Speedy and I took a stroll along the Lungomare and over to the Port in Rapallo on Sunday. To our delight we stumbled on a small festa we had not known about: a celebration of the centennial of the statue of Columbus that points to the new world.

Columbus statue in Rapallonew plaque on columbus statueThe festa was in honor of the 100th anniversary of the erection of the statue. The marble plaque newly placed on the rock in front of the statue says, “The Rapallini emigrants and those who returned from the Americas here placed a monument to the discoverer of their second country. The Administration of the Town of Rapallo gratefully remembers and celebrates the first centenary.”

A small crowd gathered to hear distinguished Professor Massimo Bacigalupo (Literature in English, University of Genova) speak on the history of the statue and meaning of the various figures on it. He was eminently qualified, being the product of an Italo-American marriage. He told me he remembers that when he was young his visiting American grandmother would point to the statue and say, “That is the direction I must go soon.”

Professor Bacigalupo after his talk.

Professor Bacigalupo after his talk.

Would it be an Italian celebration without food? It would not! Food was under the capable direction of Guido, owner of Parla come Mangi, a fine food emporium in the old section of Rapallo. His choices of food reflected the new world (guacamole, tortilla chips) as well as the old (wine).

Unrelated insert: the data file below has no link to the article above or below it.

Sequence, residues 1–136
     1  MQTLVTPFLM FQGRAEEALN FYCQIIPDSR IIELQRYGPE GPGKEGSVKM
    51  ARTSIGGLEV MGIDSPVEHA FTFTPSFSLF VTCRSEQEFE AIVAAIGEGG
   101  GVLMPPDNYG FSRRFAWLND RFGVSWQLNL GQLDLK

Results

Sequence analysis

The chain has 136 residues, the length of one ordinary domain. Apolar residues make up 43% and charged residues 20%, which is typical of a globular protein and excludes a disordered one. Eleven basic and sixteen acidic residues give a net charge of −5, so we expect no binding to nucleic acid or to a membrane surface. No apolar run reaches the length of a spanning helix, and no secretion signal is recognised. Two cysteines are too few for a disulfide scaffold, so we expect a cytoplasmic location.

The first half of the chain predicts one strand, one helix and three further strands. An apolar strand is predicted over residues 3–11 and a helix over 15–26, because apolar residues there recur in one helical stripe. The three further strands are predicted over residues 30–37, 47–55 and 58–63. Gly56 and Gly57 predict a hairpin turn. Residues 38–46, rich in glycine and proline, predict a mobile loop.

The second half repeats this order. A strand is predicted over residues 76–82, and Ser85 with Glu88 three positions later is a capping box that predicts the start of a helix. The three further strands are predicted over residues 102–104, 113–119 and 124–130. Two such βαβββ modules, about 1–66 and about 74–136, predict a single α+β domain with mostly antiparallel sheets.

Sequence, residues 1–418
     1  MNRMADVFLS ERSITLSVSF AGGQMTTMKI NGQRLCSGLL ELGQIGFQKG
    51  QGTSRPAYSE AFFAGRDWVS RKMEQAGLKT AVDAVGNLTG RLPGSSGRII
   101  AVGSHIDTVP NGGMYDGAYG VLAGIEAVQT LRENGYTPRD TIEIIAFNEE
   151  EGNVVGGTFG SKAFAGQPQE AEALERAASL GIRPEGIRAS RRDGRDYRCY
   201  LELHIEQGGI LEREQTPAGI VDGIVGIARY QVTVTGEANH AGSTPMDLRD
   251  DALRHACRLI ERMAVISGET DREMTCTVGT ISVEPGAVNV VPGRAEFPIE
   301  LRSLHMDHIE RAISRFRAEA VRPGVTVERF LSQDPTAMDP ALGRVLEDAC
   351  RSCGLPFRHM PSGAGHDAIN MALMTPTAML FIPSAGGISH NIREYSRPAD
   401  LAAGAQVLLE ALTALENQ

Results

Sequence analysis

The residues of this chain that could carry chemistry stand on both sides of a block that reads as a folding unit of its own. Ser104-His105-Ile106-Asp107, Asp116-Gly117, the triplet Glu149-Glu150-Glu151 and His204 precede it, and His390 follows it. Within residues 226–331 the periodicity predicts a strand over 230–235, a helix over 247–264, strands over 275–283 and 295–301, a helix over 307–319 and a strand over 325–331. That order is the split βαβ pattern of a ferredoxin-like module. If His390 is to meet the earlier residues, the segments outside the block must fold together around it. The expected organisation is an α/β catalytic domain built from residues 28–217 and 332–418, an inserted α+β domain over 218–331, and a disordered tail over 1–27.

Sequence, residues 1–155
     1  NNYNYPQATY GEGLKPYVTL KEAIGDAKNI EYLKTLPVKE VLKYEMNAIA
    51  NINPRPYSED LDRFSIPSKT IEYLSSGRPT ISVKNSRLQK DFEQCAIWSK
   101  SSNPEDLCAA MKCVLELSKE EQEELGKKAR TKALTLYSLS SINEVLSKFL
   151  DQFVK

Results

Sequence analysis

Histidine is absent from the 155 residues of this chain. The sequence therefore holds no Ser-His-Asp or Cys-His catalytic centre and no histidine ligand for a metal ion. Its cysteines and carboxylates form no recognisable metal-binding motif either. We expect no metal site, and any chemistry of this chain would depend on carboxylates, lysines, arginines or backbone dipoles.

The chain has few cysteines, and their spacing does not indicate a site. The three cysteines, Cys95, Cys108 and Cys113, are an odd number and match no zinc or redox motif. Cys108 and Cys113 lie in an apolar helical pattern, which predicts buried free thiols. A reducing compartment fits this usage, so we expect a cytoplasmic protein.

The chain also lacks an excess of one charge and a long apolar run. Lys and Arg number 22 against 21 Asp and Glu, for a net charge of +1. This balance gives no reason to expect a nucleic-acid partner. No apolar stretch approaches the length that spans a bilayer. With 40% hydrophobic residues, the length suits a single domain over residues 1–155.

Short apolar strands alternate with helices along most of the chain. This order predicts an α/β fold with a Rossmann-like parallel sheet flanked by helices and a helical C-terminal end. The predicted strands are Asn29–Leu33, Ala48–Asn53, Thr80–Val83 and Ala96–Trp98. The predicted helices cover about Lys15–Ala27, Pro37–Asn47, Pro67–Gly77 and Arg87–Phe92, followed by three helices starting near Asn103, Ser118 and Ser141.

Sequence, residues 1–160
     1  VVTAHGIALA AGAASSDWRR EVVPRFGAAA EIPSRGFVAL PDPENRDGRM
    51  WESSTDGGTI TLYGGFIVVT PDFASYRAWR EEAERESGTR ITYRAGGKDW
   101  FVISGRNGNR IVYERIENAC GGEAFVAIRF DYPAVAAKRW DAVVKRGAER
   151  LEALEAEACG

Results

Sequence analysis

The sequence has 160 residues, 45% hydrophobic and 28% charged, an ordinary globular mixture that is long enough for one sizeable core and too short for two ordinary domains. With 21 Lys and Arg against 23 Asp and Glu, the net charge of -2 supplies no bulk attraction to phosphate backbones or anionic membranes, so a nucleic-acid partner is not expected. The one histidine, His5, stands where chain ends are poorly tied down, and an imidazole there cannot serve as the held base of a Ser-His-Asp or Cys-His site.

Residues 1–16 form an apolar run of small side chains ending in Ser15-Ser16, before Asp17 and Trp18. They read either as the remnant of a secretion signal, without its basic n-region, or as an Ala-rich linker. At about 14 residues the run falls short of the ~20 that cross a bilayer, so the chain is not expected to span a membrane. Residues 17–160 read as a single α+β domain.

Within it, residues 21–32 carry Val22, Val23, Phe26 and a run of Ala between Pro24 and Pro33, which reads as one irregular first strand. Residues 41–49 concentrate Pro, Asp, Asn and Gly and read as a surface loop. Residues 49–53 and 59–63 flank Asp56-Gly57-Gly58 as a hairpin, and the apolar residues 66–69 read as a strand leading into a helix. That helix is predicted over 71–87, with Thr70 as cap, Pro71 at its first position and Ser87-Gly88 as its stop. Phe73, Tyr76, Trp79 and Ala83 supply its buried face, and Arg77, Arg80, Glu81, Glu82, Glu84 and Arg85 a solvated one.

Guido and Speedy catch up.

Guido and Speedy catch up.

guacamole and other festive food

A big bowl of guacamole destined for toast points.

food almost all gone

Tortilla chips were a hit – the bowls are empty.

Red or white, the choice is yours

Red or white, the choice is yours


a cookbook celebrating Italian-American cuisine

When we read about Italians emigrating to ‘America’ we Americans think of the U.S. In spite of the large number of Italian immigrants and their descendants in the States, more Italians emigrated to Central and South America. According to Wikipedia Brazil has the largest number of people with full or partial ancestry outside of Italy itself.  50-60% of Argentinians can lay claim to full or partial Italian ancstry. Uruguay and later Venezuela also attracted many emigrants, as did chilly Canada.

And that is why, in the photo at the top of this post, there are flags of so many countries, all of whom welcomed Italians in the 19th and 20th centuries, and continue to do so today, just as Italy welcomes those of us coming in the other direction.

Happy Columbus Day!